2015 Speech and Language

Overview of language

One of the most remarkable functions of the human cortex is the generation and comprehension of language. Language regions of the brain are specialized for symbolic representation of communication. Mapping of cortical regions responsible for language is clinically important as it can give vital information regarding location and extent of damage (particularly following a stroke). In the vast majority of people (i.e., people who are right handed), the primary functions for semantic processing are located in the left hemisphere.

Critical Fact icon
  • Communicationlanguage is a symbol system for the exchange of ideas, and there are 3 overlapping components:
    • comprehension
    • interpretation
    • expression

  • the brain regions involved are a complex, overlapping network that can be dissected only partially in terms of function, but there are brain regions that are specialized for interpretation of language
    • these regions must coordinate with cortical regions responsible for earlier stages of comprehension, and later stages of expression
  Comprehension
(input)
Interpretation of Language Expression
(output)
Spoken Language Listening
(starts in the
auditory system)
Speaking
(ends with muscles controlling the
vocal apparatus)
Written Language Reading
(starts in the
visual system)
Writing
(ends with muscles
controlling the hands)













  • regions of the cortex devoted to interpretation of sign language are generally the same as those that organize spoken and written language, indicating that the "language regions" of the brain are specialized for symbolic representation of communication, rather than being specialized for spoken vs. written language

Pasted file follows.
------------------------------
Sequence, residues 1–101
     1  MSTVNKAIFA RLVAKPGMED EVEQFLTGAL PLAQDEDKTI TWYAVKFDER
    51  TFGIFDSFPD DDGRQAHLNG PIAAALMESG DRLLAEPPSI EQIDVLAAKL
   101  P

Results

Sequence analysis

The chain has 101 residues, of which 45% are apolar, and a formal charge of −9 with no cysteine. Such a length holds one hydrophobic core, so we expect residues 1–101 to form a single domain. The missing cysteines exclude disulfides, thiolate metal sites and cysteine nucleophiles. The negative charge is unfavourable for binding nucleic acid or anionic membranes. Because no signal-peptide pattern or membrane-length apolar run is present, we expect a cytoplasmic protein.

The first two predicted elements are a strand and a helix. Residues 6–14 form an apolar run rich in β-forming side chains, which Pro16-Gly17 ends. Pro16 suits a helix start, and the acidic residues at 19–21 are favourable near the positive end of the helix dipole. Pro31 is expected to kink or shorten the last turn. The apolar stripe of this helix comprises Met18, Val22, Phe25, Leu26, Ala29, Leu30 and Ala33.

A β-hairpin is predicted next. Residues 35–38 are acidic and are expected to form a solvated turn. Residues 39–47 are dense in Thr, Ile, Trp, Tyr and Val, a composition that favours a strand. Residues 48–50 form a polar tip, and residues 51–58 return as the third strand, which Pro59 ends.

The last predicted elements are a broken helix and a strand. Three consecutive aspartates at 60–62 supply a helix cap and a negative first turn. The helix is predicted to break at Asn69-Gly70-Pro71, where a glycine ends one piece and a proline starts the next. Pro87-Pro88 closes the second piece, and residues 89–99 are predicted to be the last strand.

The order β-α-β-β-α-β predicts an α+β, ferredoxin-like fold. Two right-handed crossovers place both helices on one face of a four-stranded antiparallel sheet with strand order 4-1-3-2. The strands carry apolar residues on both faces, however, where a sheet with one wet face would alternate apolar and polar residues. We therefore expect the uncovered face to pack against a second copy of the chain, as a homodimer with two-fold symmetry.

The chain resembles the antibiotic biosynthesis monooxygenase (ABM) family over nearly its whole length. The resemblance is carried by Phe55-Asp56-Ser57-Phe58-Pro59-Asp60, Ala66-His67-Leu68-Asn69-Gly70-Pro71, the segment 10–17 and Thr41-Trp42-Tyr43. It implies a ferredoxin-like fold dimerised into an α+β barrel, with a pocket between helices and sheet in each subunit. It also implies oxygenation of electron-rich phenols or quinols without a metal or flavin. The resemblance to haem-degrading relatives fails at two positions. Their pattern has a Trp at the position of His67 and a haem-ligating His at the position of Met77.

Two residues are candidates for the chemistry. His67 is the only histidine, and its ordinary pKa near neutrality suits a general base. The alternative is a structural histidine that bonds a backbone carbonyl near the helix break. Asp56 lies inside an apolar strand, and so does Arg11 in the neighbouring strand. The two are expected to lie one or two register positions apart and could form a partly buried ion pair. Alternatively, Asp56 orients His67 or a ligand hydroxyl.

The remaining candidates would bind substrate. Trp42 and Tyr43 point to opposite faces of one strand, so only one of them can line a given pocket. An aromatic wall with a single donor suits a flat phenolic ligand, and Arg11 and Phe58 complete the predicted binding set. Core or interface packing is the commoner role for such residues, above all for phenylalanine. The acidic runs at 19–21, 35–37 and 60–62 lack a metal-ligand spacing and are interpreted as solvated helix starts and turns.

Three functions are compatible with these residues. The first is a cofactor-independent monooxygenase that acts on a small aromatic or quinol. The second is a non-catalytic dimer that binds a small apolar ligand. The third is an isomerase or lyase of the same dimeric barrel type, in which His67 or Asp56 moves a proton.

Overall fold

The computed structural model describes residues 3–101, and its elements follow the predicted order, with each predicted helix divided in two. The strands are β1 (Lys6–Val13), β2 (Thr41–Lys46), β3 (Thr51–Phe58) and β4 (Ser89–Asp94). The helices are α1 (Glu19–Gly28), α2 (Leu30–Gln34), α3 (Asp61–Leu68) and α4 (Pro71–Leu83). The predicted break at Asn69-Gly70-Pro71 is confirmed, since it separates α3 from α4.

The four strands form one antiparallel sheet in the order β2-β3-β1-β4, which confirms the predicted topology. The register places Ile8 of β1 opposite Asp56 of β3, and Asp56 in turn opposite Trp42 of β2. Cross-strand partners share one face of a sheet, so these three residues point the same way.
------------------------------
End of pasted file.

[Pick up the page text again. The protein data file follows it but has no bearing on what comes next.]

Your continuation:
• each language has a set of rules that define it, and the brain regions that interpret language are specialized for the understanding of these rules
    • from this perspective, the representation of a language can be defined in terms of rules that:
      • define symbol use (GRAMMAR)
      • organize symbols (SYNTAX)
      • allow emotional emphasis via changes in pitch, intensity and rhythm (PROSODY)
        • note that different languages use prosody differently (English uses pitch, loudness AND timing to convey emotional content; tonal languages such as Mandarin Chinese and Navajo use pitch to convey semantic meaning, reserving loudness and timing for prosody)

  • of course, regions of cortex that are involved with interpretation of language interact with regions involved in numerous other executive functions (such as attention and memory) that can significantly impact the ability to comprehend or express language
    • APROSODY (difficulty in either conveying or understanding the emotional qualities of speech) is one component of the flattened affect characteristically observed in depressed or schizophrenic patients
Email: Dr. Janet Fitzakerley | ©2015 University of Minnesota Medical School Duluth | Last modified: 2-mar-15 9:40 PM